In Doe v. Cape Elizabeth School District, the First Circuit Court of Appeals (which does not govern Illinois) weighed an important question of whether a student with a strong academic record may be found eligible for special education and related services as having a learning disability.
Jane Doe began receiving special education and related services in second grade due to her reading difficulties. By the time she got to 7th grade, her IEP team determined that she should be placed on consultative minutes because of her strong academic performance. During her 8th grade year, the IEP team determined that Jane was no longer eligible for special education and related services because she was achieving appropriately in all areas and thus, did not have a learning disability. The IEP, in making its eligibility determination, reviewed Jane’s straight A grades and high performance on standardized test scores including, among others, the NWEA.
Jane’s parents then had her tested by a third party evaluator, who found that Jane scored much lower in certain areas than when the District evaluated her. Nonetheless, the IEP team reconvened to review the third party evaluation and still found that Jane was not eligible for special education and related services.
Her parents filed for due process, and the due process hearing officer agreed with the school’s determination that Jane was not eligible for special education based on Jane’s grades, standardized test scores, classroom performance, general school performance, and reading fluency skills. The Hearing Officer also determined that Jane did not require special education services to receive an educational benefit. The family then filed an appeal in the District Court, and the District Court affirmed the Hearing Officer’s decision after largely adopting the Hearing Officer’s findings with respect to Jane’s reading fluency.
The Does then appealed the District Court’s ruling arguing that the presence of a specific learning disability alone was sufficient to qualify Jane for services under the Individuals with Disabilities Education Act, and standardized tests alone, and not overall academic performance determined the presence of a specific learning disability. The First Circuit Court of Appeals found that despite Jane’s overall academic performance, the District Court made an error by relying on that evidence without considering how it reflects her reading fluency abilities, failed to provide adequate consideration to the family’s additional evidence, and gave the hearing officer’s determinations too much deference.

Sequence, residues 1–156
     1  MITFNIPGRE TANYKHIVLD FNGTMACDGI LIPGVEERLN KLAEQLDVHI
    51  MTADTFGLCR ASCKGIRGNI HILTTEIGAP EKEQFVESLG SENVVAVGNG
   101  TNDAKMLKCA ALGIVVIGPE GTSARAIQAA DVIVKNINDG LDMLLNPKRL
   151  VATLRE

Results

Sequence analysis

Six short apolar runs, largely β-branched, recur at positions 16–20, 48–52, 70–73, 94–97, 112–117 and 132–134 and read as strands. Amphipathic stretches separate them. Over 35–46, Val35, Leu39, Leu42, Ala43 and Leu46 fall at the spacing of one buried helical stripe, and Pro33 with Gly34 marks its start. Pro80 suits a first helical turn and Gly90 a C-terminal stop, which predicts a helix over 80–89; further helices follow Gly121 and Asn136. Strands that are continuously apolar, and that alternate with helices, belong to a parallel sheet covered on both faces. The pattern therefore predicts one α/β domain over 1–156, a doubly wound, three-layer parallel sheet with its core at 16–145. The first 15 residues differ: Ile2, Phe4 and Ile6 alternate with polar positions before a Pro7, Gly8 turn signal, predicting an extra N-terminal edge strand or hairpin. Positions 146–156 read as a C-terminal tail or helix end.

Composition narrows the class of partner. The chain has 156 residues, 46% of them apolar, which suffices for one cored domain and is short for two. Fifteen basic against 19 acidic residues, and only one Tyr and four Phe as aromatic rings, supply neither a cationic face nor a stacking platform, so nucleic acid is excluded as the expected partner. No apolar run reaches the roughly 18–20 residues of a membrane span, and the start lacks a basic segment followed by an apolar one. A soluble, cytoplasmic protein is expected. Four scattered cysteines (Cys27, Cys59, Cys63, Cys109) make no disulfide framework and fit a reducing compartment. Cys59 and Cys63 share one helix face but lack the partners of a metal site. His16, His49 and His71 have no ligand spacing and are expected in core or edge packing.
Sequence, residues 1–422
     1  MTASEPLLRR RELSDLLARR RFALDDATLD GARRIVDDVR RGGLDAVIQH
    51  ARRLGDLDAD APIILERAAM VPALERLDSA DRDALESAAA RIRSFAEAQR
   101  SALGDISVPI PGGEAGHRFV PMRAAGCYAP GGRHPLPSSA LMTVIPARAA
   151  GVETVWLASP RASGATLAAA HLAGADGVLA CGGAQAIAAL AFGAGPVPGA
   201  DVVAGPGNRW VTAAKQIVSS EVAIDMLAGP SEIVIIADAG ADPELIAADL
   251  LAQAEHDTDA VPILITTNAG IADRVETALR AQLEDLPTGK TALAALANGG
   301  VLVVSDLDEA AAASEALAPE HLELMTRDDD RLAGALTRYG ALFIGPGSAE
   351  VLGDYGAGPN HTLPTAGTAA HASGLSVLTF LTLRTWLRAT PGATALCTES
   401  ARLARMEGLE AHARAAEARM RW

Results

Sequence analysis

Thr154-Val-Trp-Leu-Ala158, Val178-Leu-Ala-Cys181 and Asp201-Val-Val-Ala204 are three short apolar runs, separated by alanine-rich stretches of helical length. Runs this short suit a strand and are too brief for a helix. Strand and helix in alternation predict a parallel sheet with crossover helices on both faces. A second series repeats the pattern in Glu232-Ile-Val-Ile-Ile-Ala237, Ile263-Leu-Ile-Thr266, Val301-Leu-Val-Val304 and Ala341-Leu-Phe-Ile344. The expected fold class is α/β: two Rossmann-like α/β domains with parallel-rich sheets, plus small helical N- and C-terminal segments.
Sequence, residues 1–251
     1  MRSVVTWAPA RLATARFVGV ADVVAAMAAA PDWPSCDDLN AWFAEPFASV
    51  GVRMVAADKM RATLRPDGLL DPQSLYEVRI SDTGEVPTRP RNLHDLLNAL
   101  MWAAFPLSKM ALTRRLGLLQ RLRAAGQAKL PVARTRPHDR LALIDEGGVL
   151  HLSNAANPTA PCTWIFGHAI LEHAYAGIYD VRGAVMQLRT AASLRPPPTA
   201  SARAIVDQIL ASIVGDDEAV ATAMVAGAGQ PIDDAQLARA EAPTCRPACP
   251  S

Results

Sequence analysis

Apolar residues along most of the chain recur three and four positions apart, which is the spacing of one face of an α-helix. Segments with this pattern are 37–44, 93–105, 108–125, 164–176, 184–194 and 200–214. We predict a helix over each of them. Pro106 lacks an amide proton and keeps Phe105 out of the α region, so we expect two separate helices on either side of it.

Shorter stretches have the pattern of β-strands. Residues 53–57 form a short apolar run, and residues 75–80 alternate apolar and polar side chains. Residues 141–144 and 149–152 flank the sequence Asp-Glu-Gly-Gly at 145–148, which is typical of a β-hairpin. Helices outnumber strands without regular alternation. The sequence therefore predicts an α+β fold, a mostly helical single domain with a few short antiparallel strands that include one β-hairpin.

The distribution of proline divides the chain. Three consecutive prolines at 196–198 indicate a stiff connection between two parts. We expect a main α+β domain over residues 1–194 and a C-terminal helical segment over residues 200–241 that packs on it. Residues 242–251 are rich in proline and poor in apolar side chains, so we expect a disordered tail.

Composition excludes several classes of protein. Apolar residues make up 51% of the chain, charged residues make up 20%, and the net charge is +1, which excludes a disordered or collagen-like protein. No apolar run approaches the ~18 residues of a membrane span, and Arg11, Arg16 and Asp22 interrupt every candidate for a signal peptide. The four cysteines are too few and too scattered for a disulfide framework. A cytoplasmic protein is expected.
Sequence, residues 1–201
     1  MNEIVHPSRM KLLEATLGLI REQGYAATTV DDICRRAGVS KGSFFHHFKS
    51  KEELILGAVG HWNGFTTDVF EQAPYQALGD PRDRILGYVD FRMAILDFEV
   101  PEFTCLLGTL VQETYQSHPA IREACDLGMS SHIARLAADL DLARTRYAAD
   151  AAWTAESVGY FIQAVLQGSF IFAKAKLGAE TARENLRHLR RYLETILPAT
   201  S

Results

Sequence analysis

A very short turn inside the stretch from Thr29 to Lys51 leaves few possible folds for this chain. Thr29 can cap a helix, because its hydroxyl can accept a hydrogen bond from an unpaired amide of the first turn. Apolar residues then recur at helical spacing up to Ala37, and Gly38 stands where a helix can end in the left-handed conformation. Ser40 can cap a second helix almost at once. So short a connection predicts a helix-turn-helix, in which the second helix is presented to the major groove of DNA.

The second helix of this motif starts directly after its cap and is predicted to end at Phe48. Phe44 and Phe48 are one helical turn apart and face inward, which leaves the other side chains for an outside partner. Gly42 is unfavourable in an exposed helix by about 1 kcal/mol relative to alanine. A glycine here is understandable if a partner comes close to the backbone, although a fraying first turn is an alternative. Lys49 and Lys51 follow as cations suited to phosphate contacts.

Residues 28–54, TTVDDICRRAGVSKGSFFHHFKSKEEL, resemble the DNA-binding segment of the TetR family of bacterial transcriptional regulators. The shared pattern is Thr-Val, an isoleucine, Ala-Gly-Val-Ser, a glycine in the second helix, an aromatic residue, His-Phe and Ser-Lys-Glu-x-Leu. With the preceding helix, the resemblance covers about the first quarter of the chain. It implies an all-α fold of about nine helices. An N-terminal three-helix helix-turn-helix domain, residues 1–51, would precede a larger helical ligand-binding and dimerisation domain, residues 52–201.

Most importantly from a practitioner perspective, however, is that the Court found that overall academic performance is a relevant factor in determining whether a student has a disability, but this academic performance must be reviewed in light the student’s specific academic deficits, in this case Jane’s reading fluency deficits. Thus, the District Court failed to properly consider Jane’s academic performance as it specifically relates to her reading fluency deficit. Schools must not only review academic performance but also consider how that performance specifically relates to a student’s deficits in determining the student’s eligibility for special education and related services.
While not binding in Illinois, the Doe ruling raises key issues regarding terminating a SLD student from special education services. Contact Bennett Rodick with your special education eligibility inquiries.